If you thought Paul was the authorial powerhouse in the New Testament, think again. Luke the writer stealthily dominates the New Testament, with his two volume work of Luke-Acts taking up more than 25 percent of the content. It is due to Luke that we know anything at all about the early church beyond Paul’s memos. Among other things (including the stories of Jesus’ birth), Luke gave us the Good Samaritan, the Prodigal Son, the story of Zaccheus, the healing of the bent-over woman, Jesus’ appearance on the road to Emmaus, the arrival of the Holy Spirit on Pentecost, Peter’s ministry to the Gentiles, Saul’s conversion, and Paul’s missionary journeys in narrative form.

In addition, it is due in large part to Luke that we believe God’s love through Jesus Christ transcends race, class, and gender, being a gift to all people. At the beginning of Luke’s gospel when Jesus is presented at the temple, Simeon proclaims him “a Light to enlighten the nations,” and at the beginning of Acts, just before Jesus ascends into heaven, he tells the disciples, “you will be my witnesses in Jerusalem, in all Judea and Samaria, and to the ends of the earth.”

No one knows how Luke died. What are thought to be his remains are buried in Padua, Italy.

In Acts, Peter says, “I truly understand that God shows no partiality, but in every nation anyone who fears him and does what is right is acceptable to him.” Through his writing and ministry, it would seem no one knew that more deeply than Luke.

Collect for Luke
Almighty God, who inspired your servant Luke the physician to declare in the Gospel the love and healing power of your Son: Graciously continue in your Church the same love and power to heal, to the praise and glory of your Name; through your Son Jesus Christ our Lord, who lives and reigns with you, in the unity of the Holy Spirit, one God, now and for ever. Amen.

-- Laura Toepfer


Absalom Jones vs. Luke

  • Luke (61%, 2,754 Votes)
  • Absalom Jones (39%, 1,788 Votes)

Total Voters: 4,540

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171 comments on “Absalom Jones vs. Luke”

  1. I am deeply thankful for Luke, and we wouldn't be who we are without him, but Absalom Jones is just so compelling. Gotta go with him.

  2. I LOVE Absalom Jones. Everything about the man makes me want to Lift Every Voice and Sing. But I voted for Luke, after much trying not to. Jones is an American Saint; Luke be belongs to the world. Without Luke, Absalom would have had no compelling message besides Justice. He built well, but Luke laid the Foundation.

  3. Oy veh! Since when do tournament brackets automatically pit equally weighted competitors (remember all the Cinderella stories in that other "Madness"?)? That being said, I think all of us in the communion of saints are "equally weighted/valued), so...while I love Luke and his Gospel (and Acts), I'm going with Absalom Jones. I was sponsored for ordination by a smaller African-American congregation in the Diocese of Pennsylvania, and Historic Saint Thomas Church and Absalom Jones' memory were greatly cherished there.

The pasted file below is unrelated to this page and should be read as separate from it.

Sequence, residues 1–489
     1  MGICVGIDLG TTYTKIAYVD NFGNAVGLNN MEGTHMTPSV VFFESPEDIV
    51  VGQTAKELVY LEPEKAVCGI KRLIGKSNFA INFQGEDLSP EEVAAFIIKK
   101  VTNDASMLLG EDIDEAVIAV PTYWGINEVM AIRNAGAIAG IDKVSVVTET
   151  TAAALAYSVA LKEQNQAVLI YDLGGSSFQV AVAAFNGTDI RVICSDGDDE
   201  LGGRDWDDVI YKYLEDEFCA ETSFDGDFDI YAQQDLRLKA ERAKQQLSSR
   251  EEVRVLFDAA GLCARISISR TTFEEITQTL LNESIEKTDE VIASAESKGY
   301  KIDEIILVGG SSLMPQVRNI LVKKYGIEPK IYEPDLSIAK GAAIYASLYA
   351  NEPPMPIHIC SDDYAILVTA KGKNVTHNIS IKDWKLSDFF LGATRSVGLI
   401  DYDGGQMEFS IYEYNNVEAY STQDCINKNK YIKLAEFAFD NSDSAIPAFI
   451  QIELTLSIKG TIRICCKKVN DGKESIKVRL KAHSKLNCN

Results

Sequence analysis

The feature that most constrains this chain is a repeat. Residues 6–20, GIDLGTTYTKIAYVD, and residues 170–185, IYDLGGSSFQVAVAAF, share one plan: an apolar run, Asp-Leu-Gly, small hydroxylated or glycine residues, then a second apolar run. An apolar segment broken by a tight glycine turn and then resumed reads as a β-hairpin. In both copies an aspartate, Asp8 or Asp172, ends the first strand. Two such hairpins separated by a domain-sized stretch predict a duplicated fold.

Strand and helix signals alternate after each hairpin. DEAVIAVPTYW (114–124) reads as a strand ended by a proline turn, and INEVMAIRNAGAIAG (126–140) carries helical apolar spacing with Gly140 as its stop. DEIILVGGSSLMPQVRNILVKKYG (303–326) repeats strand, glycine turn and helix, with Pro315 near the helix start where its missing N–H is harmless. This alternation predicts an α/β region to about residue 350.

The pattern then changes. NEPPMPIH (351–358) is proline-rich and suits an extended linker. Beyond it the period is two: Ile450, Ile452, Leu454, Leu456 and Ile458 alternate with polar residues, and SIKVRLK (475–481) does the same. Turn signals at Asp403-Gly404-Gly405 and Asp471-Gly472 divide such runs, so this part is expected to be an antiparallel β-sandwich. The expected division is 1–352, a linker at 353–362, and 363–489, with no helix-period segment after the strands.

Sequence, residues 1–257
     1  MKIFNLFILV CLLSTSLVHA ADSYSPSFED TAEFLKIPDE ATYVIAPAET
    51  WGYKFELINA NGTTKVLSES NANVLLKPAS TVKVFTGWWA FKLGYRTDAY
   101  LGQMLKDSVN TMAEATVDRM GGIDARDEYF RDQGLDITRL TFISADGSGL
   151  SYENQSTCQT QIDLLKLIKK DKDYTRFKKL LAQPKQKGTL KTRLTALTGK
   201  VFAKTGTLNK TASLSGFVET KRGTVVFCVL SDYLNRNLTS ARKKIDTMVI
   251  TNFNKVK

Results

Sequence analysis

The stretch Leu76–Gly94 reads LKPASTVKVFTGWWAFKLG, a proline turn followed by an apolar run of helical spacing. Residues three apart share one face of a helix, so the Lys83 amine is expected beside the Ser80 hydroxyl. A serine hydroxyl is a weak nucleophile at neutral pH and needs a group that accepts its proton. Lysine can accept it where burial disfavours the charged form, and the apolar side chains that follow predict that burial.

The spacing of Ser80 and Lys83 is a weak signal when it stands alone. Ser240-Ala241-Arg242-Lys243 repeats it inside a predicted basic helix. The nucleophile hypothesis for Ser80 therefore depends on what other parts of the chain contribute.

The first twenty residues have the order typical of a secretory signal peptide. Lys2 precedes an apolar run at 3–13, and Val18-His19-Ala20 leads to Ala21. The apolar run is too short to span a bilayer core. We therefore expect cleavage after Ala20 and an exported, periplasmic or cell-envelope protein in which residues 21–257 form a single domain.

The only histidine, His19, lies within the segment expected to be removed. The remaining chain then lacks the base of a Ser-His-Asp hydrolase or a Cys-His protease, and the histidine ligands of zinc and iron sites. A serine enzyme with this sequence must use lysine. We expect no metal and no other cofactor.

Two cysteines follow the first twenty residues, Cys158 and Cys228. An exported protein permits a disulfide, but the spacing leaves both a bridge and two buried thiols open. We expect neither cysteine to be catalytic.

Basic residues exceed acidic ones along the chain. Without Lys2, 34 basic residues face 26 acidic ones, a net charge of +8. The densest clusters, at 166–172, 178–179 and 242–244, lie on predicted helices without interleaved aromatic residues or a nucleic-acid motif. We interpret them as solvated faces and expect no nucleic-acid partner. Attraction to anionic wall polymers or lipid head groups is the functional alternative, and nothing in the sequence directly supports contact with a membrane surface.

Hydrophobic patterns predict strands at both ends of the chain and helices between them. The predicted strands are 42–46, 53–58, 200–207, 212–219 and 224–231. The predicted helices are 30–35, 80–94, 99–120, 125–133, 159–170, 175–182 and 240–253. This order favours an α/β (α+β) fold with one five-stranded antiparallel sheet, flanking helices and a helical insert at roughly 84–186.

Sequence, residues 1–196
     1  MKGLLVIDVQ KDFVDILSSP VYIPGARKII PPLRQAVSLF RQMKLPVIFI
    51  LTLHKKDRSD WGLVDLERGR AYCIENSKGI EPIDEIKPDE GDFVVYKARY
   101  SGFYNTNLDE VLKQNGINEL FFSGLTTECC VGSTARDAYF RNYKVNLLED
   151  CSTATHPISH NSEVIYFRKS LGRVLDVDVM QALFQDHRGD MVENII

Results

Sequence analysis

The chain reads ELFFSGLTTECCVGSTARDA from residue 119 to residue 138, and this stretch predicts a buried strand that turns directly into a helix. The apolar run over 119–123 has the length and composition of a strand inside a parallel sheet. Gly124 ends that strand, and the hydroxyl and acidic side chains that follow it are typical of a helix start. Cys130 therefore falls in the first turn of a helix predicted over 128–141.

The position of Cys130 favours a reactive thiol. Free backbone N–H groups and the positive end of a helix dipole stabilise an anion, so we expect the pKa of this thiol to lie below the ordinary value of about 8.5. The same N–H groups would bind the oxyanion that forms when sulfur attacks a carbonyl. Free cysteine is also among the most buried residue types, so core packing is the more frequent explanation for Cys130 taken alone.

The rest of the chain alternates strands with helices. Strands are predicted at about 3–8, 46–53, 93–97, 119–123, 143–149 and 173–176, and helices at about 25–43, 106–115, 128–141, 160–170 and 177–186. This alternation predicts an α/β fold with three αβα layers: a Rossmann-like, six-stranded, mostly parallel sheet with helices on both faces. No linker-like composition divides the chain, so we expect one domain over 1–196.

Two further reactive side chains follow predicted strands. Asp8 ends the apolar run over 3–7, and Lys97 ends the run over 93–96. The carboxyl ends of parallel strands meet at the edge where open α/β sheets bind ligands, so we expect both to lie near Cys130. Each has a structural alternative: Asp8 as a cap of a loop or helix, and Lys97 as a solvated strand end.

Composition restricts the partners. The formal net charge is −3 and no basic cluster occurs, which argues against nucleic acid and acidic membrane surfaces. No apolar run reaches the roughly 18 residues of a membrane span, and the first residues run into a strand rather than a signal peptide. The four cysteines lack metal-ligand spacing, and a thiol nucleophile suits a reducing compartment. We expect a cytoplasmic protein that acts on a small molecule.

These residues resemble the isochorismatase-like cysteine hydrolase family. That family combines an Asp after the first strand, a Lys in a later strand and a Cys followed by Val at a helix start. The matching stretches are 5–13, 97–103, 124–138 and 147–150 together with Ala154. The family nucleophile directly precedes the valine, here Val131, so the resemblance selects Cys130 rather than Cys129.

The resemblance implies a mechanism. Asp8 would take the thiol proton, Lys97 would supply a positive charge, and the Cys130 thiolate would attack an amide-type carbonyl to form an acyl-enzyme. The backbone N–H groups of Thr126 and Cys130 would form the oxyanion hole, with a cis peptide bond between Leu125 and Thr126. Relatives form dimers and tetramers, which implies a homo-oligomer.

4. I live in Philadelphia where Absalom Jones casts a long shadow. St. Thomas African Episcopal Church is about ten minutes from me and is still one of the most vibrant parishes in the diocese. Absalom Jones and Richard Allen are among the bravest people we commemorate from America and I respect them. They surely took encouragement and inspiration from the Gospels to do what they had to do. But without the Gospels, and dare I say their authors, how would they even have known about Jesus? Christmas, the Nunc Dimittis, the Benedictus Dominus Deus, Pentecost, not to mention a wealthy vocabulary - all these things were brought to you by Luke. God bless you Absalom, you are an American hero . But Luke the Evangelist, you get my vote today.

    1. I am glad I read your full post. It went 180 from the first sentence. I agree with you points 100%. Yea Luke!

  5. Don't count Absalom Jones out. Historically (Mary M being the exception) people who show up in the Bible don't do so hot in Lent Madness, so Luke is fighting an uphill battle, even if he is leading at the moment.

    1. Our Episcopal sense of justice comes out clearly in Lent Madness voting - hence the underdog often wins. It is the best part of Lent Madness to learn about or to be reminded of Ignatius of Antioch, Macrina the Younger, and Absalom Jones. Still, I am not sure that voting for the lesser known is truly "fair" especially in the case of our dear and glorious physician Luke. His words are the anchor for many of the most basic tenets and stories of our faith. I think of him as more journalist than the other authors of the Gospels. There is a reason we call him the Evangelist, though many Episcopalians aren't fond of the concept. It is through his faithful witness that many came - and still come - to the faith.

  6. This is an agonizing choice! Luke is my favorite Gospel. But I have to go for the hometown boy. I am proud to be in a diocese that claims Absalom Jones.

  7. Absalom rocks! Although I would not consider this a fair pairing - Luke is a heavy weight paired w/ a relative unknown but in the end Absalom's story moved me to vote for him.

  8. Well, being a subversive, if Luke wins, I will enter Absalom Jones on the bracket in the church hallway anyway. I'm just obstinate that way. However, I will NOT stoop to voting more than once, as tempting as it may be!

  9. Despite being a Philadelphian, went with Luke, mainly because of my teacher Tim Luckritz